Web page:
To answer your question, I think, when you look at how quickly the film industry went from a film standard to a digital standard, you get a sense of how quickly a superior, inexpensive technology can replace a more limited, expensive technology, no matter how dominant it has been or for how long. As recently as 2009, 90% of film production was done on film, but just last year, in 2014, the biggest directors in Hollywood had to sign a letter petitioning the studios to make a deal with Kodak to keep film stock from going out of production completely. In 2005, digital still had a grainy look to it when projected on the big screen. Today, however, with movies being shot in 6k resolution or higher, and with the incredible advantage of being able to edit the shots right there on the set, plus the economic advantage of not having to store flammable film prints, it has been a no-brainer to move on.
Another advantage has been, as you mention, the fact that it is much easier and less expensive now for people like me to create movies that can resonate with people without having to sacrifice too much of the quality that sophisticated audiences expect. So it’s democratizing film and allowing for people to put forth compelling visions without having to be green-lit by anyone other than themselves and the audience. As hard as making this short was, it was nothing compared to what Christopher Nolan went through to make his first movie, Following, in 1998, which was done on 16mm film stock and in black and white, and for which they could only afford the film stock to do two takes, so every scene had to be rehearsed extensively. With incredible digital cameras like the Black Magic Pocket Cinema (which we filmed the Post-Human proof-of-concept on) now coming in at less than $1,000, I can see great things on the horizon for independent filmmakers.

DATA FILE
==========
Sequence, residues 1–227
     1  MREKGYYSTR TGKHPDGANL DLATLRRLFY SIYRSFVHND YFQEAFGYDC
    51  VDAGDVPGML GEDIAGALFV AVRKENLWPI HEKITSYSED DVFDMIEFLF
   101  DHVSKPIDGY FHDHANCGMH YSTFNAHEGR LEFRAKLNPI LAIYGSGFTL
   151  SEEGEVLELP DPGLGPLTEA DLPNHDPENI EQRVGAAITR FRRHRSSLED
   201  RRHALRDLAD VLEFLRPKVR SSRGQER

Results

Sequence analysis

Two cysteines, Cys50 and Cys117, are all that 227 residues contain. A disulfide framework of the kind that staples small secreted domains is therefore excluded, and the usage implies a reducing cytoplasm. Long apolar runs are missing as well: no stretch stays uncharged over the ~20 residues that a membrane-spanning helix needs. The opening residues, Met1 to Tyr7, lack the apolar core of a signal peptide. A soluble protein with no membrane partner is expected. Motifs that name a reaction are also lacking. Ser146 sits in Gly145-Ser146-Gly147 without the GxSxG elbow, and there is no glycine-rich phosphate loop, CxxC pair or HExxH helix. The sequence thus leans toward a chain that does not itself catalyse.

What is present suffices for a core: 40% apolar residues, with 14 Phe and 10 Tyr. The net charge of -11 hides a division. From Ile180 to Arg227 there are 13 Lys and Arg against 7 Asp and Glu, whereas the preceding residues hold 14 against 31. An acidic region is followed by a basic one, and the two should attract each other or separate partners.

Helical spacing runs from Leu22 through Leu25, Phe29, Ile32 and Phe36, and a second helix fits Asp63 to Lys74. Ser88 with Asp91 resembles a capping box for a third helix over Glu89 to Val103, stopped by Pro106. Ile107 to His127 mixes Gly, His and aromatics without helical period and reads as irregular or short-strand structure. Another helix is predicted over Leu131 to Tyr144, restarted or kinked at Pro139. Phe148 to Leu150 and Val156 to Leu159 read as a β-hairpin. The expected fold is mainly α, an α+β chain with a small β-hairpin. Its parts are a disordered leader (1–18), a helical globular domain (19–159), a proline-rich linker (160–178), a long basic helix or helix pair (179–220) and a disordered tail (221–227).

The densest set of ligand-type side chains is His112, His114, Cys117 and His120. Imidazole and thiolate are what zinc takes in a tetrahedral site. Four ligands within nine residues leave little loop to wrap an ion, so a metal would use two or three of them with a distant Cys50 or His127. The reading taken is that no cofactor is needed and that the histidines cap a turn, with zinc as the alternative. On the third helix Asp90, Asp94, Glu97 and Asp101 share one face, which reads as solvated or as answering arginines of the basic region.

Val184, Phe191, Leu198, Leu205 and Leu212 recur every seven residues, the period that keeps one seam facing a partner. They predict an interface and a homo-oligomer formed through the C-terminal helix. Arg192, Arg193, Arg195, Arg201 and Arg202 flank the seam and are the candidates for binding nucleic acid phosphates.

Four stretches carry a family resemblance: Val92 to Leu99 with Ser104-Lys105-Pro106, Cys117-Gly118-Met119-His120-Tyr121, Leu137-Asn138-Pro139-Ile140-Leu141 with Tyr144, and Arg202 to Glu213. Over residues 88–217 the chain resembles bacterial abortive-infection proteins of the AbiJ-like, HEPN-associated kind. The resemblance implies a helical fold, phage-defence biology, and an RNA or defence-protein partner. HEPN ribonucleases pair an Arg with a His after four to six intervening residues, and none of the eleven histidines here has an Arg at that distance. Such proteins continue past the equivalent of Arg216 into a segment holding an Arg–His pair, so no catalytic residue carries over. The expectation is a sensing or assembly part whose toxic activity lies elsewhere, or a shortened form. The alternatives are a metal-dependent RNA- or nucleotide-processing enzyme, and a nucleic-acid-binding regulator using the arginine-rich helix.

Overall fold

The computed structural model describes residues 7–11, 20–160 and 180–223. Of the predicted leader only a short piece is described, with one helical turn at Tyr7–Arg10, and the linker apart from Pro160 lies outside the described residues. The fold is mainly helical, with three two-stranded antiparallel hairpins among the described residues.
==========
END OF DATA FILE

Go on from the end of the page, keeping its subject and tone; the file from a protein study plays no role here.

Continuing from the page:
Essentially, in the last five years, film has become an information technology, and as more and more technologies becomes information technologies, they’ll follow the same patterns noted above. Smaller and smaller groups will be able to do more and more. This is something people should keep in mind when considering, for instance, banning research on strong artificial intelligence. I’m not worried such a ban would ever take place, first because I expect human-level machine intelligence (HLMI) to be the result of breakthroughs that are so sudden that there won’t be an opportunity to step in and shut down a successful project.
Secondly, even if there were an effort to shut down said project, it would be a very, very short time before a small group of people, perhaps forced underground by the attempt to stop the research, achieve their own HLMI (and likely very quickly superhuman-level machine intelligence). How long will all this take? I know lots of numbers are thrown about, but I think the survey Nick Bostrom refers to in his book, Superintelligence, where researchers were asked when they expected A.I. to reach human-level, is pretty reasonable, and their guess was the middle of this century. If I were a betting man, however, I’d bet sooner.